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Polluted blood victims in England get more money as a public query begins



The victims of a contaminated blood scandal in England will receive more money, as the government said.

Thousands of hemophiliacs and other hospital patients in the 1970s and 1980s received hepatitis C and HIV-infected blood products, resulting in about 2,400 deaths.

Given that a hearing in central London began on Tuesday, the government announced that more money would be spent on the thousands of people affected by the medical disaster in England.

"This will see regular annual payments for some of those infected to substantially increase, from a total of £ 46 million to £ 75 million," said the Department of Health and Welfare (DHSC).

Other survivors of the victims will also be entitled.

Prime Minister Theresa May said: "The contaminated blood scandal was a tragedy that should never happen and cause unimaginable pain and injury to victims and their families for decades.

"I know that this will be a difficult time for victims and their families – but today a path will be taken to get the truth of what has happened and to do justice to all those involved."

Infected blood programs were established in 2017 – with country-specific programs in Scotland, Wales, England and Northern Ireland.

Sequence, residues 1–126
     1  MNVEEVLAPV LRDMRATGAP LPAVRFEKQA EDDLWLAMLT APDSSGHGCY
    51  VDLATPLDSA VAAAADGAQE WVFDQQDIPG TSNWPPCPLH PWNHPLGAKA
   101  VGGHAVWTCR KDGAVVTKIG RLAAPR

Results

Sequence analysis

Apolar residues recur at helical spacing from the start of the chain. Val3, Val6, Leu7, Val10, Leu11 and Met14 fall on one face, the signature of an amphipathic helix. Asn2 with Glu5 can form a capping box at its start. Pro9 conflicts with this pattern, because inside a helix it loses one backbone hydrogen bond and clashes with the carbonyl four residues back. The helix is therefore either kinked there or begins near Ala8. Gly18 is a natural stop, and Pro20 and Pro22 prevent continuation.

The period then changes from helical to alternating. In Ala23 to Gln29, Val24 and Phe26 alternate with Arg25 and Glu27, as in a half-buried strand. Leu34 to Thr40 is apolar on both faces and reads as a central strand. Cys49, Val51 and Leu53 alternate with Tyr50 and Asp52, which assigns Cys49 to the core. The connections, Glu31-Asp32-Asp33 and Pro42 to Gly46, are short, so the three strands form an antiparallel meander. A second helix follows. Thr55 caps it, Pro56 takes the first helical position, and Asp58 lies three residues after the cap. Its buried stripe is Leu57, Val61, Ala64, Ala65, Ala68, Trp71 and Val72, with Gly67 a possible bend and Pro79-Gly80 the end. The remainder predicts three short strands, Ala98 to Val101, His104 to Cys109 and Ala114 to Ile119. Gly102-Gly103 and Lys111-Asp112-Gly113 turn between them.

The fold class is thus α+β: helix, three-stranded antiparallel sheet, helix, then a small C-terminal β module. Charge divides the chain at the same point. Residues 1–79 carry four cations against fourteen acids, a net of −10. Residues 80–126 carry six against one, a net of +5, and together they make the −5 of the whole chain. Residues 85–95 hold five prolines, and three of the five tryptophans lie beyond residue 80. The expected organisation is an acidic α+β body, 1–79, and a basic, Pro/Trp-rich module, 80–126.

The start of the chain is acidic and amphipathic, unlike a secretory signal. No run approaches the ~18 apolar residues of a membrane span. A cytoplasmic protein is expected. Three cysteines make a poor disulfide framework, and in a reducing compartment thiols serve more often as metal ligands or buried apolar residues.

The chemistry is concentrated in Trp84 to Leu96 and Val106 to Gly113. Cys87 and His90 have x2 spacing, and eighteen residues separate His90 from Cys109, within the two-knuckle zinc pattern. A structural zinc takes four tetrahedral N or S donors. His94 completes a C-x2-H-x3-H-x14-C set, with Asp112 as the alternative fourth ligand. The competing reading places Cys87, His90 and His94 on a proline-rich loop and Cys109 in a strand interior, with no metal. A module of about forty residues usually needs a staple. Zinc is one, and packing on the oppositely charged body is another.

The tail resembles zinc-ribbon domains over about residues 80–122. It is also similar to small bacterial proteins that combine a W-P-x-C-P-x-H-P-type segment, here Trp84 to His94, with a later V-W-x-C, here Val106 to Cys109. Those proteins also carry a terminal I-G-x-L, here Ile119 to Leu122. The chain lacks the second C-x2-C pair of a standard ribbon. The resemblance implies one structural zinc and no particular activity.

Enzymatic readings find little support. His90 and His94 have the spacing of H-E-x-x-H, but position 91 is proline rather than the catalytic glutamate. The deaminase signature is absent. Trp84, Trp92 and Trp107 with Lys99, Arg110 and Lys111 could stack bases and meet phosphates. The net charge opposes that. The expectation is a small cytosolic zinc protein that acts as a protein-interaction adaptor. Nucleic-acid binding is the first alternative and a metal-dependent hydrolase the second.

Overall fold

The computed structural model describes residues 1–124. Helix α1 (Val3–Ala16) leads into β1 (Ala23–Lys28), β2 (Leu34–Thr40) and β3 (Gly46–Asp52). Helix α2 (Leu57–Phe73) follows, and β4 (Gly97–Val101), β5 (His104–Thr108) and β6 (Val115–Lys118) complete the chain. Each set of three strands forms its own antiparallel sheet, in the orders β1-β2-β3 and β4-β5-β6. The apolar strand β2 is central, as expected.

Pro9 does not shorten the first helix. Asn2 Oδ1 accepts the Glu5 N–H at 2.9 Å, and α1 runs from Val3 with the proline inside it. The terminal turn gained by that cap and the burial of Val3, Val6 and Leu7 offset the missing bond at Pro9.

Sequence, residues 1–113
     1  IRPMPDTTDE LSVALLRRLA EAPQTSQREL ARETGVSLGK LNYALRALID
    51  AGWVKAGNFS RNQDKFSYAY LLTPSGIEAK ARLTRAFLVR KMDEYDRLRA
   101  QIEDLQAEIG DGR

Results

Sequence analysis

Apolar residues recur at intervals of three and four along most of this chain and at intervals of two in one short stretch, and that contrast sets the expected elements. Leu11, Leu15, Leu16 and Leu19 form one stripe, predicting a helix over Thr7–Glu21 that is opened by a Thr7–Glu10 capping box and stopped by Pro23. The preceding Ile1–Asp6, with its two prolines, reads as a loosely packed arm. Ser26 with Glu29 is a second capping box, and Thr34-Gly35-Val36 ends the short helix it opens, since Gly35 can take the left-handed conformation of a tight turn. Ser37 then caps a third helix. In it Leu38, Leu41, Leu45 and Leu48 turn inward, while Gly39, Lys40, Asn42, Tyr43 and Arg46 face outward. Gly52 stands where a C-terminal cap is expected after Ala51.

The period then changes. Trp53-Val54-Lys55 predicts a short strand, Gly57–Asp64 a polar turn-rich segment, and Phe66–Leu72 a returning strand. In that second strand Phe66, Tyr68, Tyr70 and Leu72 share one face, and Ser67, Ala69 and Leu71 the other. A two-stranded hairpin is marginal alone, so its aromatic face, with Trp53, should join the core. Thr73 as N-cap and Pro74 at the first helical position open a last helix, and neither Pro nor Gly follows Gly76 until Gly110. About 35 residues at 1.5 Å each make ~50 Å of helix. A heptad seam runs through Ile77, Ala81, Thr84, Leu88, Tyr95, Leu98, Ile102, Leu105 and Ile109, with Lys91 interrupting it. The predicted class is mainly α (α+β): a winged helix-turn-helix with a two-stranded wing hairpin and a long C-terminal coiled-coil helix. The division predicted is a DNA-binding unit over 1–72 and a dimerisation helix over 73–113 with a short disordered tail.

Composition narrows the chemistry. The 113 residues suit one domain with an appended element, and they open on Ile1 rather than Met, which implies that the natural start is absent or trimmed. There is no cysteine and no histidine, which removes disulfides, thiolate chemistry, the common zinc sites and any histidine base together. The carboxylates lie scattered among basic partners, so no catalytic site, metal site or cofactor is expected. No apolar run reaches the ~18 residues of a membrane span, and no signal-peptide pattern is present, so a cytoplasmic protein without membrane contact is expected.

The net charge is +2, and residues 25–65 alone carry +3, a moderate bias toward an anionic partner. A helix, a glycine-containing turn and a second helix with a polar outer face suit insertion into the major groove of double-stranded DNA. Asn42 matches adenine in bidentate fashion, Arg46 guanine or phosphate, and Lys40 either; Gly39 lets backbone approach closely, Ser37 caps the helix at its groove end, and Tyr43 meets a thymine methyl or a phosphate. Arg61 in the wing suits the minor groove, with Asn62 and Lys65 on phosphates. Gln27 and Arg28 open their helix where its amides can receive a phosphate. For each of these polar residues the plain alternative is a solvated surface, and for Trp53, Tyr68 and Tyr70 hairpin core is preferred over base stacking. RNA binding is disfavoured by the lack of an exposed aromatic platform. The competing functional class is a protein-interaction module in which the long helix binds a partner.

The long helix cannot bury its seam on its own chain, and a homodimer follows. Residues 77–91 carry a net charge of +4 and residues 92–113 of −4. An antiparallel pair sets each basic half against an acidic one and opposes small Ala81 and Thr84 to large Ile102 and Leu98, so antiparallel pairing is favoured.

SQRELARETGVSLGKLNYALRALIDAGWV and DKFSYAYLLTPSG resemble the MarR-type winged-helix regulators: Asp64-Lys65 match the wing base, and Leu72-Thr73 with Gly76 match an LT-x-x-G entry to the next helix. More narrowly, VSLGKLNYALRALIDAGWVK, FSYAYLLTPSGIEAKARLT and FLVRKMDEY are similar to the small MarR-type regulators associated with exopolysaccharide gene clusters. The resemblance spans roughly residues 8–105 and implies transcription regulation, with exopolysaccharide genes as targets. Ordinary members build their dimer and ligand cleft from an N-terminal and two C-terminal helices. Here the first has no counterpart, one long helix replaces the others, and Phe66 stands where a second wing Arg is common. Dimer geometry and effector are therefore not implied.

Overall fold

The increase in funding "builds on extensive disability consultations and recognizes the differences that existed across systems", added DHSC.

The investigation of infected blood will be heard from the victims at a hearing at the Fleetbank House in central London before similar testimony takes place in the following months in Belfast, Leeds, Edinburgh and Cardiff.

The investigation is chaired by former Supreme Court Judge Sir Brian Langstaff.

Sir Brian said: "As I promised at the beginning, people and their experiences are at the heart of this investigation and that the investigation honors their commitment to be heard in the major centers across the UK from those who are infected with blood or blood products and those who are disabled.

"I have no doubt that their testimony will be not only annoying but also a powerful tool to help get to the truth of what has happened."


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